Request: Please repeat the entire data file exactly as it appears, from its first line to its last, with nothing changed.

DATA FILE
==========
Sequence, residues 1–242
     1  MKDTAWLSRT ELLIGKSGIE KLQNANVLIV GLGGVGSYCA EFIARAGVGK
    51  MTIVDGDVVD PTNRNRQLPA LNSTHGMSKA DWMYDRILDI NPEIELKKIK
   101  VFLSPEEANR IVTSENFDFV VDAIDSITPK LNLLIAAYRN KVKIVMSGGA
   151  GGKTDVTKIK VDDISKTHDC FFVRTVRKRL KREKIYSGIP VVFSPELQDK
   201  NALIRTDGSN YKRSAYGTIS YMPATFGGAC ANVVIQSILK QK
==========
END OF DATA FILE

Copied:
Sequence, residues 1–242
     1  MKDTAWLSRT ELLIGKSGIE KLQNANVLIV GLGGVGSYCA EFIARAGVGK
    51  MTIVDGDVVD PTNRNRQLPA LNSTHGMSKA DWMYDRILDI NPEIELKKIK
   101  VFLSPEEANR IVTSENFDFV VDAIDSITPK LNLLIAAYRN KVKIVMSGGA
   151  GGKTDVTKIK VDDISKTHDC FFVRTVRKRL KREKIYSGIP VVFSPELQDK
   201  NALIRTDGSN YKRSAYGTIS YMPATFGGAC ANVVIQSILK QK